My thought is to cross some of these wonderful new banded bicolors that are now on the market with modern plicatas and roll the dice. My crosses are already made and being grown off. The first seedlings will bloom this year.
There has been some discussion in hybridizer circles that the position of plicata markings on the petals can be transferred in crosses. In other words, a plicata with narrow color borders very close to the edges should throw some seedlings with the same defined edges. I have a new seedling, R-125-A, that has a very defined plicata pattern around the beards only. I have made a number of crosses with named varieties of plicatas that have definite bold plicata edges and clean backgrounds around the beards. These seedlings should establish my theory as to whether the two patterns on the falls can be combined into one. In my opinion, these seedlings will open the door to many new possibilities in plicata patterns. Many plicata varieties already exist that have patterns in varying positions on the falls and standards.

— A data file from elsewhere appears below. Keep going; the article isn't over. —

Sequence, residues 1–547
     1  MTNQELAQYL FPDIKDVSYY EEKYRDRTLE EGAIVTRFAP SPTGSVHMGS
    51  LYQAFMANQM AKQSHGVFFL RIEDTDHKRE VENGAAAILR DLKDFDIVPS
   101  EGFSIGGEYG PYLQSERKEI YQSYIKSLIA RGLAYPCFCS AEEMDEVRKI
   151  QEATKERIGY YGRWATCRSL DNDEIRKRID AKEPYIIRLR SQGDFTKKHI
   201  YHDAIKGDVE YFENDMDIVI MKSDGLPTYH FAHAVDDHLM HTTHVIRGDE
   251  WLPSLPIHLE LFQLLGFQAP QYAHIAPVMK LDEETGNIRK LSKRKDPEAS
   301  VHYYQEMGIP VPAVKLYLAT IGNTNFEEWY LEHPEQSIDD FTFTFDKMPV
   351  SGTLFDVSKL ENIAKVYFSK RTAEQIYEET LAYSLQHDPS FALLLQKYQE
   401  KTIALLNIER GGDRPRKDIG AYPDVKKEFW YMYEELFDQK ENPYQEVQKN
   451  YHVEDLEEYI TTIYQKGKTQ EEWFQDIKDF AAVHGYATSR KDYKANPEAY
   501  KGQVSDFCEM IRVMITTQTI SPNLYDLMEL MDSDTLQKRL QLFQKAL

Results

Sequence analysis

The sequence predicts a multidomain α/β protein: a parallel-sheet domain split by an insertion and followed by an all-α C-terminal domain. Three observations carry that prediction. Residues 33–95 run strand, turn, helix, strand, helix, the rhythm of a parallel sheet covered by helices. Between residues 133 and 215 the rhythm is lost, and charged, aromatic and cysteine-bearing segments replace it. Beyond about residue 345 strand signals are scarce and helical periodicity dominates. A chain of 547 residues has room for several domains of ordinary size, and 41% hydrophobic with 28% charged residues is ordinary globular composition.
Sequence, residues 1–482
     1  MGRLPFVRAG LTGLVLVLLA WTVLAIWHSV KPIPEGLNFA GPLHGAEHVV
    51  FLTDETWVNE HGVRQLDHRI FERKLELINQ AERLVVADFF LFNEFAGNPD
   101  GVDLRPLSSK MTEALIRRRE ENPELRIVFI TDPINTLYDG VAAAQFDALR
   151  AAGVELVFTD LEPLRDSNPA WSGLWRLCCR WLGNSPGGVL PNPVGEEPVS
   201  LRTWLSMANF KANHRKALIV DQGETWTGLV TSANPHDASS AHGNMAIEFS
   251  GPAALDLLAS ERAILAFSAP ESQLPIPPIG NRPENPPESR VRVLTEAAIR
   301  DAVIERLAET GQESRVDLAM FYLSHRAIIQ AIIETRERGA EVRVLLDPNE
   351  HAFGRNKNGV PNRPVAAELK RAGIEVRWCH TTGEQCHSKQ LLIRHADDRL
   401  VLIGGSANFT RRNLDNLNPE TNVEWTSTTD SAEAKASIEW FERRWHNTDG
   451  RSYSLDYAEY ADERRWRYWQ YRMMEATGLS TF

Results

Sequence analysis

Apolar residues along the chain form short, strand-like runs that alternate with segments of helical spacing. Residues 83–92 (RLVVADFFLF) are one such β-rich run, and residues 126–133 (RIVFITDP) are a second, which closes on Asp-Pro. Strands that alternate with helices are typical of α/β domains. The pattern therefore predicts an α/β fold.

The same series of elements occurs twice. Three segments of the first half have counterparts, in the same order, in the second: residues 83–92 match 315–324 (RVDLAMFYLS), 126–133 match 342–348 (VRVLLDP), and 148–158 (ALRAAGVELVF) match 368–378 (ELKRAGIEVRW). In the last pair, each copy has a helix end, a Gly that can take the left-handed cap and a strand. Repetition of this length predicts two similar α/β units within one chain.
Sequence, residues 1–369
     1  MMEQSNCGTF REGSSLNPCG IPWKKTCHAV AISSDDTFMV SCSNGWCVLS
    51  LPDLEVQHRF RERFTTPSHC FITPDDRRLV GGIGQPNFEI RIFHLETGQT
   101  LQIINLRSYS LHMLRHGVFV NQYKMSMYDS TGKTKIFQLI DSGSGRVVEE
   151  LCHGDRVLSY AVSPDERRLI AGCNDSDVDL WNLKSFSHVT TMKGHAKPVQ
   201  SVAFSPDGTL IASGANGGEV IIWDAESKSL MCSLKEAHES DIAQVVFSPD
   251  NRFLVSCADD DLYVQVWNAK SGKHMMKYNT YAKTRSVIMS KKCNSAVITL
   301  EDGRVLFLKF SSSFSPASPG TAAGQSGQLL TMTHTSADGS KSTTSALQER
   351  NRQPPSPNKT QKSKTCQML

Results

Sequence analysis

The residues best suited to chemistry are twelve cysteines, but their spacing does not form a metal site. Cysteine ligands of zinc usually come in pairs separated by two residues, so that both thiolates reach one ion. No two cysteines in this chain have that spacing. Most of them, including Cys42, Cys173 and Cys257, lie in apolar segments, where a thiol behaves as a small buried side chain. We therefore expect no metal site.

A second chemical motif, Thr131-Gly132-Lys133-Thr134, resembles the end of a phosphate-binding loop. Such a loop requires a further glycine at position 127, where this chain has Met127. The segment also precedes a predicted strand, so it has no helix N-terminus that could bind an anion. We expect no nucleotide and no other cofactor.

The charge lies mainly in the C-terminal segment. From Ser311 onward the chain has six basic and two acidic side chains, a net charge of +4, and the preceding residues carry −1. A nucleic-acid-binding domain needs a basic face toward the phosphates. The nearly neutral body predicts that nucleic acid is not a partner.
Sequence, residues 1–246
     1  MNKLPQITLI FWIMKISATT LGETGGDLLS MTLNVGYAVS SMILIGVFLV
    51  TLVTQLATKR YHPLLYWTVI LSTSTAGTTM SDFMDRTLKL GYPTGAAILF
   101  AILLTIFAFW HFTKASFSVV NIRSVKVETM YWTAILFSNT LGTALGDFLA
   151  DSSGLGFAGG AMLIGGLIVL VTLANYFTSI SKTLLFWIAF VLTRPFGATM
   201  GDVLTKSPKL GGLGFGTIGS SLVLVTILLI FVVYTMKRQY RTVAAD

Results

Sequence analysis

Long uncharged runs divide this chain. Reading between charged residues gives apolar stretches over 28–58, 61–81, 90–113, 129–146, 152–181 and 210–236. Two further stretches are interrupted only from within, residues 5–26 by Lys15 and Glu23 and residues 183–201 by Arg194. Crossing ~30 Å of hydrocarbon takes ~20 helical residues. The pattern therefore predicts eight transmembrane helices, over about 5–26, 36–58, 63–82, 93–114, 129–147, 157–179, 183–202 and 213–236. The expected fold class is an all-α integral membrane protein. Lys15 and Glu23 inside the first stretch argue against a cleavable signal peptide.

Ask any knowledgeable tall bearded hybridizer where the future is headed and they will tell you that plicatas are the answer. If you are starting out in tall bearded iris hybridizing, get on the boat, you won't be sorry. God Bless you and your gardens and thanks for listening.
Saturday, January 14, 2012
'Purissima' is the result of a cross between 'Argentina' and 'Conquistador', which share the pollen parent mesopotamica using pod parents 'Caterina' and 'Juniata', respectively. It was created by William Mohr and introduced after his untimely passing by Sidney B. Mitchell, who recognized its outstanding features.